Several other highly interesting techniques (these are hard to find otherwise) are given in this chapter. Among these are radiography of the pancreas and salivary glands, isolation and examination of salivary glands, and demonstration of oesophageal webs, rings and varices. We are told how to fix the coeliac block, how to fix the stomach as a whole and how to do postmortem angiography of the stomach and mesentery. And how do you demonstrate fat necrosis? Bathe the relevant tissue in concentrated copper acetate solution in an incubator for 24 hours and the tissue must turn blue-green.

Chapter 8 deals with genitourinary system. It is here that I learnt we can actually dissect out a glomerulus or a nephron. But just sample some of the other techniques that this chapter gives us. How do you do the radiography of the urinary tract? How to do renal angiography, and why would you need them in the first place? How do you demonstrate renal amyloid? How do you sample renal tissue for chemical analysis? And how do you examine a transplanted kidney? These and several other interesting issues are detailed in this chapter. I was quite intrigued by the description of the examination of transplanted kidney, as this is something I have never done (I certainly don't remember any, if I have). The transplanted kidney is found located within the pelvis "plumbed into" the iliac vessels. We must examine all anastomoses -either vascular or ureteric-, and check for any intraluminal obstructions. Particular things to look out for are infection, rejection and recurrence of glomerulus or other disease in the new kidney. Another complication which has recently come to light is post-transplant lymphproliferative disorders. This is related to stimulation of lymphoid cells by Epstein-Barr virus. This may manifest as lymphadenopathy, and we must watch out for this.

Postmortem technique handbook
A neat scheme to show fracture of the ribs

How do you examine a "frozen" pelvis? How do you examine the penile urethra? And for that matter, how do you examine female urethra? How do you do lower tract urinary tract urography? And how do you go about doing post-mortems in maternal deaths? This chapter tells you not just about these, but several other additional things. One interesting table regarding causes of direct maternal deaths is reproduced above and to the right for the benefit of the reader. This is just one of the several highly illustrative tables in this book.

Chapter 9 on endocrine system interested me very much, as this is full of little known techniques. How do you examine the pituitary gland when a large tumor is present? You remove sella turcica "en bloc" (see the second figure from the top. It is on the right side). How to examine the thyroid and parathyroid glands when an infiltrative tumor is present and finally how do you examine paraganglionic system? I found this latter part very intriguing. Extra-adrenal paraganglionic system is divided into three groups: branchiomeric, intravagal and aortosympathetic. I have never given much attention to these structures during my long career and it was interesting to know they must be examined in certain cases. For instance, a significant increase in weight of carotid body indicates chronic hypoxia. And what is the normal weight of a single carotid body? Stumped? Well, this book tells us it is 10 mg (range 2-30 mg)!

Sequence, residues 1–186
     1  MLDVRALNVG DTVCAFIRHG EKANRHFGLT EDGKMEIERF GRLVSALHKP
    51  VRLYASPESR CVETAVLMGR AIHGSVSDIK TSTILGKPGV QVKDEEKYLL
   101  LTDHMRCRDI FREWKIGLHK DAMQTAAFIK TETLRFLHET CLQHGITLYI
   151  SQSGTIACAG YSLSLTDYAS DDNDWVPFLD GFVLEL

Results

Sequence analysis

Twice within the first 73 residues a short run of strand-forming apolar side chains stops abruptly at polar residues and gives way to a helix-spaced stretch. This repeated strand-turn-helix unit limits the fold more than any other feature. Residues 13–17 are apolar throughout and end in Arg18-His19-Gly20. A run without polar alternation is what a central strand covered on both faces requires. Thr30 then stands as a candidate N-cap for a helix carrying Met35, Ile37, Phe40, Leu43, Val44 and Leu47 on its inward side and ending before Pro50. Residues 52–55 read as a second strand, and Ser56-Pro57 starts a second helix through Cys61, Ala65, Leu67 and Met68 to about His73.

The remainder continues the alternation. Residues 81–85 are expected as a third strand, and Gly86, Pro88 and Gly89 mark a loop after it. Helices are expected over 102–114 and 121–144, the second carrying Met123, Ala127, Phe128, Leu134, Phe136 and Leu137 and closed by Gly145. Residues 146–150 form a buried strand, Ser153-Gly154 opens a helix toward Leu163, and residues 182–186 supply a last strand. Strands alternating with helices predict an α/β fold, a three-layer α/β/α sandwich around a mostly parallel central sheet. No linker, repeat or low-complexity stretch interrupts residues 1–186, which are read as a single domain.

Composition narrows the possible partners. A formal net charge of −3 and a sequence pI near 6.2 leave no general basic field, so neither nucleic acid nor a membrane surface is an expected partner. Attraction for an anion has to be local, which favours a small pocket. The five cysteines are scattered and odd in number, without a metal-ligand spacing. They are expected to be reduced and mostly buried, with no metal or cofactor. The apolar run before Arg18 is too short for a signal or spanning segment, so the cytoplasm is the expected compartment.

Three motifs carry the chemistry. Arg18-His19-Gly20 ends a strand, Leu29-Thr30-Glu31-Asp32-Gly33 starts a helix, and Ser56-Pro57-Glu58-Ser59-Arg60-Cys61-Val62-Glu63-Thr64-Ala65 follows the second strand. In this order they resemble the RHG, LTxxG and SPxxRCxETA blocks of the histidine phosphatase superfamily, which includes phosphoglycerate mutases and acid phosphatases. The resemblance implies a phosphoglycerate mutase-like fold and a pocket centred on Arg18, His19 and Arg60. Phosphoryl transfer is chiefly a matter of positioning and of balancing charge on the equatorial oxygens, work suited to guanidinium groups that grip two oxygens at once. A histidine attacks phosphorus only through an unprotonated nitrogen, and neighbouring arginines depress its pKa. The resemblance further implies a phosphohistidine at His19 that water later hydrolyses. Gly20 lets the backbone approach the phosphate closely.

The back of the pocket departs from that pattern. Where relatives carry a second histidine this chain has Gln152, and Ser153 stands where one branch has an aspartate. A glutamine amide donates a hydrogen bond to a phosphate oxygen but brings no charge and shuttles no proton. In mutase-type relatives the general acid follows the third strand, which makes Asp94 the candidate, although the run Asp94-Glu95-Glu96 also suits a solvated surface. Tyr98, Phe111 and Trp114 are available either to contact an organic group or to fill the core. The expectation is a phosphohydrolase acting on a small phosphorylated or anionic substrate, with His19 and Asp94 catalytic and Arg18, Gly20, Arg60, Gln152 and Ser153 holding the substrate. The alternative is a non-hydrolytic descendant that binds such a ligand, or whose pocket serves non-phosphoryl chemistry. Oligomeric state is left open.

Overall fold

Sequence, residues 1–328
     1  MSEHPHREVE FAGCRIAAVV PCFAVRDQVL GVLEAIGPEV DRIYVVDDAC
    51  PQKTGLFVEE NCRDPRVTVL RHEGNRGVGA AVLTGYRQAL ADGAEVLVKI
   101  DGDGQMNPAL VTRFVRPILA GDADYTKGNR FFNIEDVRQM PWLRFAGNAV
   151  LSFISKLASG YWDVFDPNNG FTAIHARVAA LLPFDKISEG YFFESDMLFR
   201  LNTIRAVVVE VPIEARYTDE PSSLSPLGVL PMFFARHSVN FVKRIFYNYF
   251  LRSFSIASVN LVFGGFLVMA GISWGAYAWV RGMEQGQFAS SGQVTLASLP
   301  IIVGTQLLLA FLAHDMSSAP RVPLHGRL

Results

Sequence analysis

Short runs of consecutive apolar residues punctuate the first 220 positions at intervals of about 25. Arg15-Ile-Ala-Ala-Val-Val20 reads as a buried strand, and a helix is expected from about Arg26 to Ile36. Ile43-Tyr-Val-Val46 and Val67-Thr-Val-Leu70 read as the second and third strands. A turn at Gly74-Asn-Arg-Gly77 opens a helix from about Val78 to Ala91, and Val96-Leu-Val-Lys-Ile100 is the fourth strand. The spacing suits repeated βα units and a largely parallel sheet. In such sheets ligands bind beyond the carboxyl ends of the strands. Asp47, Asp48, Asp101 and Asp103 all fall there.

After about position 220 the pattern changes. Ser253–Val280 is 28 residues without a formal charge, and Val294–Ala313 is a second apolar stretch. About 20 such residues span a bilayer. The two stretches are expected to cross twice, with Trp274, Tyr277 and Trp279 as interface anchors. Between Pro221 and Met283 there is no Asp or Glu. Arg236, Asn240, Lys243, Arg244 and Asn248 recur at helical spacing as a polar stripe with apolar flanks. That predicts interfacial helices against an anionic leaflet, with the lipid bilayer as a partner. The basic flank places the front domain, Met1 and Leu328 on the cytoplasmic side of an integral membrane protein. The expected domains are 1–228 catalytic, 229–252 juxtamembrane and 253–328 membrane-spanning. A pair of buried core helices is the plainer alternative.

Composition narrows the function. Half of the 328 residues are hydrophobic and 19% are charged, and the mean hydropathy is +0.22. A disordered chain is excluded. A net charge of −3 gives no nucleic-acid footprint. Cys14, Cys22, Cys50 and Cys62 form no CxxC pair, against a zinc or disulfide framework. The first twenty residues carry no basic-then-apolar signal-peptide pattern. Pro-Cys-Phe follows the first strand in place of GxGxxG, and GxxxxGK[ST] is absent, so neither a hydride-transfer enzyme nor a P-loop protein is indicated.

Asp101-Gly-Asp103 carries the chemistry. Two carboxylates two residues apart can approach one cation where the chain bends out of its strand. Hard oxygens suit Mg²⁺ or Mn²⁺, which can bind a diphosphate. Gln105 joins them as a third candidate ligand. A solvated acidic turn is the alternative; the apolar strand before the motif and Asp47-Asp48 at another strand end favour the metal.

Postmortem technique handbook
These two photographs from the book illustrate how metal guides can be used to section the brain neatly. The book is full of such technqiues

Chapter 10 deals with the examination of lymphoreticular system. It gives us special techniques for lymph nodes such as dissection of nodal disease with perinodal infiltration, how to make lymph node imprints and how to conduct microbiological tests. Special techniques for spleen include microbiology of the spleen and fixing the spleen as a whole. To fix the spleen as a whole, you inject a fixative through the splenic artery at moderate pressure while the splenic vein is clamped. For examining bone marrow, we can resort to three main sites - femur (which is the usual practice), vertebral bodies and rarely sternum. Details are given of the technique to decalcify tissues for bone marrow histology. One of the most common techniques to do this is to immerse the specimen in 5-10% solution of formic acid, and quite interestingly we might have to take serial radiographs to see if the decalcification is complete! But what I liked most in this chapter is the technique to identify thoracic duct. This structure has consistently stumped me, and I have only rarely spotted it. So I was quite keen to read about this technique (I had never seen the technique anywhere else). After I read it, I found it was actually quite a simple fare. All you have to do is lift the left lung forward, transect intercostal arteries in the lower part of the mediastinum, pull the aorta to the right to expose the retroaortic adipose tissue and lo! you get the thoracic duct. Sounds fairly straightforward, and I intend to try it out next time I enter my mortuary.

Postmortem technique handbook
This diagram illustrates the course of the skin incision to remove the femur

Chapter 11 deals with musculoskeletal system, and among other things we are told, how to remove the femur (see the figure on the right). Among the special techniques we are told how to deal with fractures, and especially how to document them. One of the figures we have reproduced above shows how to document fractures of the ribs.

How to cut the vertebra when taking out the spinal cord

Chapter 12 deals with the nervous system. Many new and interesting techniques are introduced in this chapter too. An interesting technique is how to use metal guides to slice the cerebrum neatly (see figure above on the left). In the section on removal of spinal cord, we are told how the cuts have to be made in the vertebrae. While the angle of cut remains constant in the posterior approach, it increases from an acute angle (at the cervical region) to almost a right angle (at the lumbar region). A quite illustrative diagram explains the cuts (we have reproduced it on the left for the benefit of the reader).

I am tempted to go on and on. But however much I describe this book, I can not do full justice to it. The best course is of course to acquire a copy and read it from first to the last page - as I have done. If you are a practicing pathologist, you will find life different after reading this book. I certainly have learnt a lot from this book, and certainly my life is going to be different. I can now do so many more new things, that I was simply unaware of till now. The book is chock-full of information on post-mortem techniques. It is available for $89.00, but if it were available for twice that price, I would buy it any day.

-Anil Aggrawal